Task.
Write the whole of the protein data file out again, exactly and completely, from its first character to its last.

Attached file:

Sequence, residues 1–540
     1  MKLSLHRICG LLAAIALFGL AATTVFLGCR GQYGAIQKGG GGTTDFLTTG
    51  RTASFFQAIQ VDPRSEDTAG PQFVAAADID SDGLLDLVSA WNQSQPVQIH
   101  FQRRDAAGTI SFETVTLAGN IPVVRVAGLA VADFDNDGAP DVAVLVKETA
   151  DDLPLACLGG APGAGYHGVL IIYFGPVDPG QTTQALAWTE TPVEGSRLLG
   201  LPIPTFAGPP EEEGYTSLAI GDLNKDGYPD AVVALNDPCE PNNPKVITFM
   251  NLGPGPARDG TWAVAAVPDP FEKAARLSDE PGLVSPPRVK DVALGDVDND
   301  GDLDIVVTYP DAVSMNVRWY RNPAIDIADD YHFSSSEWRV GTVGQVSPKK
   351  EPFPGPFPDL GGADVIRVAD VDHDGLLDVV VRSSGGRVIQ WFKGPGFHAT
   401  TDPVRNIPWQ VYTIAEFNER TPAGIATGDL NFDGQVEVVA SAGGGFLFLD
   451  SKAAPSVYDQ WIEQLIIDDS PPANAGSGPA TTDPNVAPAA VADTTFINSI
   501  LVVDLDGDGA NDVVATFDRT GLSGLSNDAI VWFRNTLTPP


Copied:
Sequence, residues 1–540
     1  MKLSLHRICG LLAAIALFGL AATTVFLGCR GQYGAIQKGG GGTTDFLTTG
    51  RTASFFQAIQ VDPRSEDTAG PQFVAAADID SDGLLDLVSA WNQSQPVQIH
   101  FQRRDAAGTI SFETVTLAGN IPVVRVAGLA VADFDNDGAP DVAVLVKETA
   151  DDLPLACLGG APGAGYHGVL IIYFGPVDPG QTTQALAWTE TPVEGSRLLG
   201  LPIPTFAGPP EEEGYTSLAI GDLNKDGYPD AVVALNDPCE PNNPKVITFM
   251  NLGPGPARDG TWAVAAVPDP FEKAARLSDE PGLVSPPRVK DVALGDVDND
   301  GDLDIVVTYP DAVSMNVRWY RNPAIDIADD YHFSSSEWRV GTVGQVSPKK
   351  EPFPGPFPDL GGADVIRVAD VDHDGLLDVV VRSSGGRVIQ WFKGPGFHAT
   401  TDPVRNIPWQ VYTIAEFNER TPAGIATGDL NFDGQVEVVA SAGGGFLFLD
   451  SKAAPSVYDQ WIEQLIIDDS PPANAGSGPA TTDPNVAPAA VADTTFINSI
   501  LVVDLDGDGA NDVVATFDRT GLSGLSNDAI VWFRNTLTPP